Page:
4d2939fec2398793f778331640d42d41
0

Elemental diet for SIBO and leaky gut

by (0)
Updated about 19 hours ago
Created May 02, 2014 at 9:27 PM

I am about to try an elemental diet to treat severe SIBO, leaky gut and slow-transit constipation. It will consist of:

~125g Hydrolyzed whey protein (a product called Dymatize ISO-100)

~25g Hydrolyzed collagen

~100-150g Dextrose powder

~70g MCT oil

-multivitamin, sea salt and electrolytes

My main concern is the insulinogenic properties of these ingredients, as dextrose always makes me crash and crave carbohydrates soon after. I can't follow a ketogenic diet because of adrenal and thyroid issues, so I'll probably use 100-150g dextrose per day. I tolerate carbohydates better in the evening, so I was thinking that I'll drink all of the dextrose at night. However, this will cause an even bigger insulin spike if I drink it all at once, so I'm not sure what to do.

1. Should I drink all of the dextrose at night, or should I try to spread it throughout the day? Also, are there any supplements that might prevent the blood sugar crash from dextrose? I might add alpha-lipoic acid, but I'm not sure if that would help or make it worse.

2. Will the sucralose and artificial flavorings in the whey protein have any impact on gut bacteria? I'll be consuming ~125g per day, and I wasn't able to find a lactose-free unsweetened hydrolyzed protein powder. Normally I avoid all sweeteners, but this was my only option.

3. Are there any potential problems from following an elemental diet for 1-2 months?

Thanks.

E24390f6d880f9144cdf7ab13220a84a
15 · May 04, 2014 at 10:04 PM

I read that people with insulin resistance and high insulin levels retain excess sodium. Low carb lowers insulin levels, which then causes much of the excess fluid and sodium to start excreting.

I am NOT insulin resistant (e.g., I do not have any of the symptoms such as being overweight), so unlikely that is the reason I would excrete sodium.

E24390f6d880f9144cdf7ab13220a84a
15 · May 04, 2014 at 10:02 PM

Whenever the intracellular potassium is excreted, it is drawn out of the intracellular areas into extracellular serum. That makes the serum read higher than it would otherwise.

The cardiac rhythm issues would be most likely caused by low intracellular potassium.

In any case, I haven't measured my own intracellular potassium, and at this point I'm having problems even finding a doctor who understands low carb diets and electrolyte issues enough to help me figure it all out.

4d2939fec2398793f778331640d42d41
0 · May 04, 2014 at 9:19 PM

As far as I know, serum potassium levels are the most widely used and understood. It's an interesting theory that intracellular potassium might be abnormal while extracellular potassium is normal on a ketogenic diet, but I don't know if there's evidence to back that up yet. Either way, I don't currently have any reason to believe that my intracellular potassium is low even though my serum levels are normal.

E24390f6d880f9144cdf7ab13220a84a
15 · May 04, 2014 at 8:58 PM

I did not know that ketogenic diets increase cortisol, and that does make me wonder could cortisol be what is driving excretion of potassium. See this old study I found from 1955:

http://press.endocrine.org/doi/abs/10.1210/jcem-15-2-176

Excretion of intracellular potassium would explain cardiac rhythm issues.

E24390f6d880f9144cdf7ab13220a84a
15 · May 04, 2014 at 8:50 PM

I don't know how to resolve it by electrolytes alone.

Just a note: serum potassium measurements commonly done in blood panels measure the extracellular potassium, NOT the intracellular. 98% of potassium in the body migrates inside cells. The test for intracellular potassium it is not commonly done and is expensive.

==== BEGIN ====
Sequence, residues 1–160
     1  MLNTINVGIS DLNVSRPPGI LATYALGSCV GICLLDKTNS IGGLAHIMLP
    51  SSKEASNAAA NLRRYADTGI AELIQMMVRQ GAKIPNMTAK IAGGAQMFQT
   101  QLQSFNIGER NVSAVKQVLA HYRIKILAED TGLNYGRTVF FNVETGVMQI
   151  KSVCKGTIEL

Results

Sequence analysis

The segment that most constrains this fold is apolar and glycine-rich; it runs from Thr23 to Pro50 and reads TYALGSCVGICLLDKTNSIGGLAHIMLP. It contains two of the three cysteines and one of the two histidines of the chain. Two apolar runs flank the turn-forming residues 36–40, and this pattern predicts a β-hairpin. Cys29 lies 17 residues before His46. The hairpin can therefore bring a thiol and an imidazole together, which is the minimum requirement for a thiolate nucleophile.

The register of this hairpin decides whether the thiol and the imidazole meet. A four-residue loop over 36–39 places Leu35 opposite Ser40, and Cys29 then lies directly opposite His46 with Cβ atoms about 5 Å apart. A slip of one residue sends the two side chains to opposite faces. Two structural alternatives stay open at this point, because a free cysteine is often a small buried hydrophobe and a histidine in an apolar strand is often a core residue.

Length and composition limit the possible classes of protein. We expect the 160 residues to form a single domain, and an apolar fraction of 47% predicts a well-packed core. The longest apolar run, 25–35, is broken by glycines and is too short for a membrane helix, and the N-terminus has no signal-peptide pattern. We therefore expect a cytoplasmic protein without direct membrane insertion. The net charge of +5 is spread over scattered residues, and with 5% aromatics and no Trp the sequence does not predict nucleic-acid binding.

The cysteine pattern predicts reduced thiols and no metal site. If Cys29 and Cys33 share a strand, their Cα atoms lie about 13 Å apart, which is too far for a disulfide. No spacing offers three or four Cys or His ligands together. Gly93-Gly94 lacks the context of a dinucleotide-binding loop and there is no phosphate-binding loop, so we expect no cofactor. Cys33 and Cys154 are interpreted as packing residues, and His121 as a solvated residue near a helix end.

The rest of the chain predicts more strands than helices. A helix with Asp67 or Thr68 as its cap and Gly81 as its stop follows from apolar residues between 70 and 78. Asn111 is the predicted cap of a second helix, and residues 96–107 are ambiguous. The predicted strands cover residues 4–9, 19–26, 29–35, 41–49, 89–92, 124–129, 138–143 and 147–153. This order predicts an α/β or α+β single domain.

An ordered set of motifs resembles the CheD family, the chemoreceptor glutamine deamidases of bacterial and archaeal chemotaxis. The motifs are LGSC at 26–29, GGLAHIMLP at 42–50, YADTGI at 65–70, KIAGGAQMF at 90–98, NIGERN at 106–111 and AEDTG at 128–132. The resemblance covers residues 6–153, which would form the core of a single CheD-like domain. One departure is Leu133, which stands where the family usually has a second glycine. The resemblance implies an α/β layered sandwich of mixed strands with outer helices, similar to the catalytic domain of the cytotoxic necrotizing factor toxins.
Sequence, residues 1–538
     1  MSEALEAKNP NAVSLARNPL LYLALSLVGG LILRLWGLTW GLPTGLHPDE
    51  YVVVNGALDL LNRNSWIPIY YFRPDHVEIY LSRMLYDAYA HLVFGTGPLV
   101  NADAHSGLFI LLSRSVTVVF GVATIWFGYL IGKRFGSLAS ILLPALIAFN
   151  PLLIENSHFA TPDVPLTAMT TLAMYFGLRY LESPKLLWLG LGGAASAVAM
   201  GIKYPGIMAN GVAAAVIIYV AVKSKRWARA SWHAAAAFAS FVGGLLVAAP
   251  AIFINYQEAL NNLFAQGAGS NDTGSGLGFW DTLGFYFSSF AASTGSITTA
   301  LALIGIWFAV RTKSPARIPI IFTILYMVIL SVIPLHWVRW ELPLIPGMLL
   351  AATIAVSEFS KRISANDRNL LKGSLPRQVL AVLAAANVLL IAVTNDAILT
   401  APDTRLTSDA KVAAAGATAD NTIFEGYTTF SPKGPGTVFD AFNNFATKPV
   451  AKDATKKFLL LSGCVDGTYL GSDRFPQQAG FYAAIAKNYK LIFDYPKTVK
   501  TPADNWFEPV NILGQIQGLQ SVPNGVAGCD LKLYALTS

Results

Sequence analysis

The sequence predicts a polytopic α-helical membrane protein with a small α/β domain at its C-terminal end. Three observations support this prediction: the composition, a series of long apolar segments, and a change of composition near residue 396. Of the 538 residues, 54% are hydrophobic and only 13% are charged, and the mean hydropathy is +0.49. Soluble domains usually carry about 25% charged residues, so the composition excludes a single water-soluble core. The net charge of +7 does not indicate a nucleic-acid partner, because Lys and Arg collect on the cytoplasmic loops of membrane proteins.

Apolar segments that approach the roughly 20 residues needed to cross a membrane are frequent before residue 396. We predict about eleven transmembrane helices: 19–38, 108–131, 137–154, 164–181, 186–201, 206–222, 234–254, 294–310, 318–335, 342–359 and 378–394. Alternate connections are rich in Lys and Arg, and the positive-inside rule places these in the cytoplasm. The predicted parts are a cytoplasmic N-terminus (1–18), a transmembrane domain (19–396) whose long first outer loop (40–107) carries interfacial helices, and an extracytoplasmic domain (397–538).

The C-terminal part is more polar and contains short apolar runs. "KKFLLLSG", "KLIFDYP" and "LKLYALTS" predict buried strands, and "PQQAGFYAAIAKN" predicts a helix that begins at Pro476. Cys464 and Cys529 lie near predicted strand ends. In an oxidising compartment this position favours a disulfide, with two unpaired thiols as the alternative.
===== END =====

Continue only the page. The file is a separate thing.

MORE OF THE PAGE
I do wonder if somehow the same mechanism in a low carb diet that causes shedding of extracellular sodium might also be causing depletion of intracellular potassium, while masking that because the potassium leaks out into serum and reads normal or high in serum tests.

4d2939fec2398793f778331640d42d41
0 · May 04, 2014 at 8:27 PM

Then how else could I resolve these issues without going off the diet, if nutrient intake wasn't the problem?

4d2939fec2398793f778331640d42d41
0 · May 04, 2014 at 8:22 PM

Adrenal problems like excess epinephrine can also cause heart pounding, and I experienced these same symptoms whenever I tried various treatments that affected my adrenal or thyroid function. I think that any electrolyte imbalance is probably secondary to these hormone problems, and doesn't have to do with mineral intake. I wish that the ketogenic diet didn't increase cortisol and decrease T3, because I would like to continue it for its neurological benefits.

E24390f6d880f9144cdf7ab13220a84a
15 · May 04, 2014 at 8:22 PM

My point was that for some people it may be more complicated than just taking extra salt and potassium. Taking extra salt and potassium does not resolve all of my own symptoms on low carb.

4d2939fec2398793f778331640d42d41
0 · May 04, 2014 at 8:20 PM

I agree with the logic of most of your points, and I appreciate that you're trying to help. Electrolyte imbalance is very common in ketogenic diets, and electrolyte imbalance can also definitely cause heart rhythm issues like the ones I had. However, I am 100% sure that I used more than enough sodium and adequate potassium, because I followed published guidelines for ketogenic diets (from Lyle McDonald's book), and I tracked my nutrition intake meticulously.

4d2939fec2398793f778331640d42d41
0 · May 04, 2014 at 1:48 AM

By "high amounts of sea salt," I mean more than 5g per day. Again, I am aware of the diuretic effects of a ketogenic diet, and you're right that electrolyte imbalance is the first thing you should consider when experiencing these symptoms on a low-carb diet. I was aware of this before I started the diet, and made the necessary adjustments to sodium, potassium and magnesium intake. I have experienced "adrenal symptoms" on many other occasions, and I recognized those same symptoms on a ketogenic diet, which is why I did not continue it in the long-term despite the neurological benefits.

4d2939fec2398793f778331640d42d41
0 · May 03, 2014 at 9:13 PM

I should have mentioned that I was using high amounts of sea salt on the ketogenic diet, along with adequate potassium. I get a CMP done pretty frequently, and the only electrolyte abnormality it ever shows is low chloride. I am aware the sodium and potassium loss is common on low-carb diets, but that would have been unlikely in my case

I attributed these symptoms to adrenal and thyroid issues because they are the same symptoms I get when I take a cortisol-lowering supplement like phosphatidylserine, or when I adjust doses of a thyroid medication. My body temperature also dropped.